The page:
softly illuminates her tired eyes, her confusion, her small clenched fists. 
She tries with one fist, to grasp that “Little Boy” that Daddy’s country dropped, and she tries with the other fist, to grasp that firestorm that burned in Mommy’s country.
But a life of six short years knew only how to reach 
One hand to hold her mother’s
One hand to hold her father’s.

After atrocity, the only thing that makes any sense is peace.
The only thing that ever makes any sense, is peace.

Reclaim your innocence, like my grandfather did. 
Chose love. 
Be peace. 
Peace, is a verb.
Peace.

May peace prevail on earth.
May peace prevail.

hope

purified, clear light
everywhere in darkness shines
music for the deaf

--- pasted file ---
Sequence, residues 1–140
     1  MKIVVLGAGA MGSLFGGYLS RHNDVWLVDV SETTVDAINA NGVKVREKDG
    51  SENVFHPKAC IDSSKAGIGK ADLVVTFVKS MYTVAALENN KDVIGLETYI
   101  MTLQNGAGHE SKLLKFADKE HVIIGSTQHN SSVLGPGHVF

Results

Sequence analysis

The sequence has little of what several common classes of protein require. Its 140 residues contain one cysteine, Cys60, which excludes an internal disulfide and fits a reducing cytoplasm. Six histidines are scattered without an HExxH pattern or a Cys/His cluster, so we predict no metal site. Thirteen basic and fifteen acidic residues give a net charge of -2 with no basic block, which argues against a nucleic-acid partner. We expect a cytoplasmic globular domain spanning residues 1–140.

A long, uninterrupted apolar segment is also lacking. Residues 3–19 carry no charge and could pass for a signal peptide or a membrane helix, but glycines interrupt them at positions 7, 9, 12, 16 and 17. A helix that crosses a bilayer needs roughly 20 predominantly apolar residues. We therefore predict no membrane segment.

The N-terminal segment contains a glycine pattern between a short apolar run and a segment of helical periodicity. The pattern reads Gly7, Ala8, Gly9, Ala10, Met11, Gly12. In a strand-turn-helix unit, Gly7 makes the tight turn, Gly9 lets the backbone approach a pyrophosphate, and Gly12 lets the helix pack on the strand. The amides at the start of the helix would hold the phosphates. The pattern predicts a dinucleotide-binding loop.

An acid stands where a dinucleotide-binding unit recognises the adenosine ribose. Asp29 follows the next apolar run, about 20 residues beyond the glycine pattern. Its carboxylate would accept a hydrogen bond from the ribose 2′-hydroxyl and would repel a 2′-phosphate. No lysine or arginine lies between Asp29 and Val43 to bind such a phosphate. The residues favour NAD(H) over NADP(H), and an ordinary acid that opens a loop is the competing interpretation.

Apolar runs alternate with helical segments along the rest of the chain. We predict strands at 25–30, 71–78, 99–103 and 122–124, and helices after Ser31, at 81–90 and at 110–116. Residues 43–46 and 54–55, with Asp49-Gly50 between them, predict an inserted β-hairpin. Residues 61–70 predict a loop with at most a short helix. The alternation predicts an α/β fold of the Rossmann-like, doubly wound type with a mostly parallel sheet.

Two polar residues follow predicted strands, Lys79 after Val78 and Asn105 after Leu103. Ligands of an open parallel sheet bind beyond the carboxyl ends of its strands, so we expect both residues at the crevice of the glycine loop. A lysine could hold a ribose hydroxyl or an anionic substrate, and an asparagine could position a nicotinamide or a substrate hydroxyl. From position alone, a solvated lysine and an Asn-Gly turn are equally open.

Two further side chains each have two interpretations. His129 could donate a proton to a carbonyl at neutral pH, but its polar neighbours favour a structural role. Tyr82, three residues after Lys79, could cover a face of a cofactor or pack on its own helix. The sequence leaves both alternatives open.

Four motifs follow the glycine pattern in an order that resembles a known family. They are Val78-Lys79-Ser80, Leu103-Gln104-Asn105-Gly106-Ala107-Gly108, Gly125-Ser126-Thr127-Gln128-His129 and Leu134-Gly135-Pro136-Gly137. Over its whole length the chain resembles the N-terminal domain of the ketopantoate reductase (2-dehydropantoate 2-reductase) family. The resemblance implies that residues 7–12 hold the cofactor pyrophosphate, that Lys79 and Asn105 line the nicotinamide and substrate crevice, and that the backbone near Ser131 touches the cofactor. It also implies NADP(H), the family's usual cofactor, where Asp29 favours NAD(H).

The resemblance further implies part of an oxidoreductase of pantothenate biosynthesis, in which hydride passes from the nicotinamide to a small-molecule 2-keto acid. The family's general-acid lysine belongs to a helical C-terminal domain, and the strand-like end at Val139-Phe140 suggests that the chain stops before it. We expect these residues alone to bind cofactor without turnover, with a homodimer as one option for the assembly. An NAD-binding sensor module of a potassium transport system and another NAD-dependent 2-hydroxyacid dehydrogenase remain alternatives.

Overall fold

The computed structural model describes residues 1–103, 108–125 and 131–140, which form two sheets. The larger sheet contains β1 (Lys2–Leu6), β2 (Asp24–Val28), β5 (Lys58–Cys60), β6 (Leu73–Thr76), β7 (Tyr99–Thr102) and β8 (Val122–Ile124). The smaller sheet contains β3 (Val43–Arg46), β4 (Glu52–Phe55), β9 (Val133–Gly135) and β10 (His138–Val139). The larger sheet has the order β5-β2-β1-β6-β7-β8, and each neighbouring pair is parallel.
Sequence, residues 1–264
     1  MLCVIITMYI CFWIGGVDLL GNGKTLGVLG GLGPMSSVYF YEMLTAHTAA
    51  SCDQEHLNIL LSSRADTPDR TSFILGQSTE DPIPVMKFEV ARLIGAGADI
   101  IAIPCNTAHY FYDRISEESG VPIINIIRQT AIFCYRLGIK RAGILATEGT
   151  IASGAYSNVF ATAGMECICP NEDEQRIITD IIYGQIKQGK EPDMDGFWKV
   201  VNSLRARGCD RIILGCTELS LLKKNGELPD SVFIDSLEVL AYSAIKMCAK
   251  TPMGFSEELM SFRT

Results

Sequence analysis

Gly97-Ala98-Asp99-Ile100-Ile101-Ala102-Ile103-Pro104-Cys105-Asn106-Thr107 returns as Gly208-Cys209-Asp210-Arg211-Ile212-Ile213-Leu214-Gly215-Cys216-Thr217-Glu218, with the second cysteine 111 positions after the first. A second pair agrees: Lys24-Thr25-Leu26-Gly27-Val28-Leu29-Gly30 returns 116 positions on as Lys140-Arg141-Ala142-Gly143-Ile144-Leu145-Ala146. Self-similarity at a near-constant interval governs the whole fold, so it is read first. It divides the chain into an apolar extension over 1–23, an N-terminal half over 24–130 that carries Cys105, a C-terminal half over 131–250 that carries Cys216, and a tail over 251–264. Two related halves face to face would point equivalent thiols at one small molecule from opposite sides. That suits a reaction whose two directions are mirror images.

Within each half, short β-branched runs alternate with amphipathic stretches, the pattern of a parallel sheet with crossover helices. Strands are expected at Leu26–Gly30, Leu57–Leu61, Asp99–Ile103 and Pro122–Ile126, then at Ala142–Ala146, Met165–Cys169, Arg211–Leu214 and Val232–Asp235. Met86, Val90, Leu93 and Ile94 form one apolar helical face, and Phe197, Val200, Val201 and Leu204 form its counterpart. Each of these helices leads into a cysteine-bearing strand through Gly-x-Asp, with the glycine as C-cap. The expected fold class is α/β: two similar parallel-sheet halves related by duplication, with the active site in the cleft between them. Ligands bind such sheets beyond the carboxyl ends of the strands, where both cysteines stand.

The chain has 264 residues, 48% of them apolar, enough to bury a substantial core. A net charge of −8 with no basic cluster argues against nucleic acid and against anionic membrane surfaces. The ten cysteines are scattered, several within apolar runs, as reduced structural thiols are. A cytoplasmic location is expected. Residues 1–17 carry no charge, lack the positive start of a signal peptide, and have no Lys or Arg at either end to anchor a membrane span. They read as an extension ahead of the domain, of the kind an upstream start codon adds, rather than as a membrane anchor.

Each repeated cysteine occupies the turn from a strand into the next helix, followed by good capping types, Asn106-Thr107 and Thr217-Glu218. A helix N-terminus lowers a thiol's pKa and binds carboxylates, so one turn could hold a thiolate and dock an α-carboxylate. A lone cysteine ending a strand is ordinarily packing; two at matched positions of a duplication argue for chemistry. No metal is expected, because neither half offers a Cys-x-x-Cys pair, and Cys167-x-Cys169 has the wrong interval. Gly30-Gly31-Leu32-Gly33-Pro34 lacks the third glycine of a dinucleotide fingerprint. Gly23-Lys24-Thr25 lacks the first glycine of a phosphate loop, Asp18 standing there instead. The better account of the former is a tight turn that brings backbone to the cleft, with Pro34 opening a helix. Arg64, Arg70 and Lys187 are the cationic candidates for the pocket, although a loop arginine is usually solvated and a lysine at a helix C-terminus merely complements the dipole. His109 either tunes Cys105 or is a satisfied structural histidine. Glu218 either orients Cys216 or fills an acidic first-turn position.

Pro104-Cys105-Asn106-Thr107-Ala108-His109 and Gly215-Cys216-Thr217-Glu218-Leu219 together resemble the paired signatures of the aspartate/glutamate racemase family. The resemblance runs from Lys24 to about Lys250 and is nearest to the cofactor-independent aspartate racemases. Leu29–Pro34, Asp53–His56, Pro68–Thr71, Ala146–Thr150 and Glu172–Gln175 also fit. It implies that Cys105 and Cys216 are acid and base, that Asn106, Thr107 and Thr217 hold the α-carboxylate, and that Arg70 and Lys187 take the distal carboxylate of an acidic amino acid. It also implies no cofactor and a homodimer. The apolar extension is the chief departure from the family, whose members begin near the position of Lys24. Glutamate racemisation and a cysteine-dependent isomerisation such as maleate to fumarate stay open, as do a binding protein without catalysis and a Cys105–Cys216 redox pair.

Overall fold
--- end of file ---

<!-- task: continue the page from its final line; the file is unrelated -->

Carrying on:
vision for eyes wanting sight
and for my heart, the road home
(waka poem: 5-7-5-7-7)

What is hope, other than a beacon of clear light in the darkness? Wind behind sails crossing unknown seas. The moon in a sky of desolation. And, a heartbeat in the chamber of silence and stillness.

When we struggle, when we fall and despair, are utterly broken and feel lost, hope is the very thing that sees us through. 

How does hope come to you—in your darkness? What is your moon, and from where do the winds blow? What sound causes your heart to beat?

Even if we cannot see it, hope is that eternally rising sun on the eastern horizon—bringing with it, daylight into the night. Whether we like it or not, are ready or not, whether we open our eyes—or not… hope rises, again and again. For sometimes there is a certain comfort in the blanket of darkness, in being unseen and seeing not. We would rather evade, than wake up to our own hearts’ desires and truth.